Add onion, coriander leaves, peppercorns, salt and a few torn curry leaves. Mix well, beating with hands. All these ingredients are optional, you can make a simple plain vada too.
Heat oil in a deep frying pan.
Now wet your hands, and flatten a ladle of batter into a round 2” patty. Make a hole in the centre and slip gently into the hot oil. Similarly make other vadas, making sure not to overcrowd the pan.
Fry vadas in batches, flipping frequently, till crisp and golden.
Serving Style of Rasam Vada
I like to bring Rasam to a rolling boil and then add the hot vadas. The vada soaks up the juices from Rasam and makes it nice and soft. A bite of the juicy vada and a spoonful of the tangy Rasam taste super delicious.
Types of Rasam
There is a big variety of Rasam that South Indian Cuisine has to offer. I have tried a couple of versions, but this Tomato Rasam beats all. Let us check some of the most popular variations.
Pineapple Rasam (I will post the recipe soon )
Store Rasam as well as Vada individually. Store Rasam in the refrigerator for 2-3 days. The flavours will change after that. Whenever storing I bring it to a rolling boil, before serving.
Place the fried vada in an airtight container and place it in the fridge. Store for 2 days. I have never tried storing it in the freezer, but my friends do. If stored in the frig, refry it or heat it in an air fryer.
Popular South Indian Breakfast
There is a long list of South Indian Breakfasts, but some of my favourites are-
Rasam Vada | South Indian Style Rasam Vada is my post under the Theme Snacks.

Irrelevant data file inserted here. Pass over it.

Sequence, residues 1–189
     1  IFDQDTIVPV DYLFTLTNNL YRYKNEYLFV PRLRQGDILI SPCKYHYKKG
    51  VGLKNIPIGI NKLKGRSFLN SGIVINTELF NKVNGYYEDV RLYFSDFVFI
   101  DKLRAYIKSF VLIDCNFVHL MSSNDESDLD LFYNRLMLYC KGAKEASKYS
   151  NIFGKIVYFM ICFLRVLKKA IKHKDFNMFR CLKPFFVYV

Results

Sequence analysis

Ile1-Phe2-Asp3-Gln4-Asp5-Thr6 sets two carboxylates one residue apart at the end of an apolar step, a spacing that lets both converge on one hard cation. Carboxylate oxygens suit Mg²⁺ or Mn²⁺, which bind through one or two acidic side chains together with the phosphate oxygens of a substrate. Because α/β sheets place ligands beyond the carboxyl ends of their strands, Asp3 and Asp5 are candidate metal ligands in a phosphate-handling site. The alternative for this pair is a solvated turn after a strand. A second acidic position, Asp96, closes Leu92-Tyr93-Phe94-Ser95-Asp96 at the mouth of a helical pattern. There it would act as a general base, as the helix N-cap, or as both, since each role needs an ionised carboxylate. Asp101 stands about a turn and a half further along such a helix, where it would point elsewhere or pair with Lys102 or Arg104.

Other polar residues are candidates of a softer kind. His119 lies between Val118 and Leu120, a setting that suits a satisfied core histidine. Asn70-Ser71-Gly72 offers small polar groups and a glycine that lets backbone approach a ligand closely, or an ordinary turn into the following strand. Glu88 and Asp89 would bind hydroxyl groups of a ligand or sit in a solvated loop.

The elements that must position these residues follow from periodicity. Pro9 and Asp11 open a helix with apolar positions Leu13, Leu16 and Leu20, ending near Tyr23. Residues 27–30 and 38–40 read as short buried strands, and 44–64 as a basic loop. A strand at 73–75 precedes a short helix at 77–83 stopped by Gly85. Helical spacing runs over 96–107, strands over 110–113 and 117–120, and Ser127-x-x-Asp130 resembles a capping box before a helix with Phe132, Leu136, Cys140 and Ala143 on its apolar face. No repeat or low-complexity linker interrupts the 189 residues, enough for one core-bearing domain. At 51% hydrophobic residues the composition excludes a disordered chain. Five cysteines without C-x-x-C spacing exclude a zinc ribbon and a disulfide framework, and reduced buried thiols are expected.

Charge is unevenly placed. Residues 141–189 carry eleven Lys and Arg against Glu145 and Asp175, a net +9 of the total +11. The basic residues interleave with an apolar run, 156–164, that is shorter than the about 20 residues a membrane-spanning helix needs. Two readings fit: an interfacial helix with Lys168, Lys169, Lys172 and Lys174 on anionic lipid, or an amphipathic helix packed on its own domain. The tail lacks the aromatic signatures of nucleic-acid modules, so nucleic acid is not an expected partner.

- Pan / Kadai / Wok
- Mixing Bowl
- Slotted Spoon
Grind to a Paste
- 4 Tomato large
- 4 cloves Garlic Garlic
- 8-10 Peppercorns
- 1 tsp Cumin Seeds
- Marble sized Tamarind Ball
- Few Curry Leaves
- 1/4 tsp Rasam Powder store bought
- 1/2 Tomato roughly squeezed
- 1 tsp Ghee
- 1 tsp Mustard Seeds
- Pinch Asafoetida
- 4-5 Curry Leaves
- Coriander leaves
- 2 cups Urad Dal
- 2-4 Green Chilly
- 3-5 Peppercorns coarsely ground
- 1 tsp Ginger finely chopped
- 1 Onion roughly chopped (optional)
- Coriander Leaves few
- Salt to taste
- Oil to Fry
- First grind finely all ingredients under paste.
- Transfer the paste to a pot.
- Add 2 cups of water and let the mix come to a rolling boil. Now simmer and cook for 4-5 minutes.
- Next, stain the mixture.
- Place it on the flame again, add rasam powder, half a tomato. Squeeze it roughly with hands.
- Let the rasam till the tomato is soft.
- Heat ghee. Add mustard seeds, asafoetida and curry leaves.
- Pour the ghee over the rasam.
- Wash the Dal very well. Drain and soak in water for 2 hours.
- After 2 hours, drain the dak completely. Add green chillies and ginger.
- Grind to a smooth batter, gradually adding a1-2 tbsp of water.
- Add onion, coriander leaves, peppercorns, salt and a few torn curry leaves. Mix well, beating with hands.
- Heat oil in a deep frying pan.
- Now wet your hands, and flatten a ladle of batter into a round 2” patty. Make a hole in the centre and slip gently into the hot oil.
- Similarly make other vadas, making sure not to over crowd the pan.
- Fry vadas in batches, flipping frequently , till crisp and golden.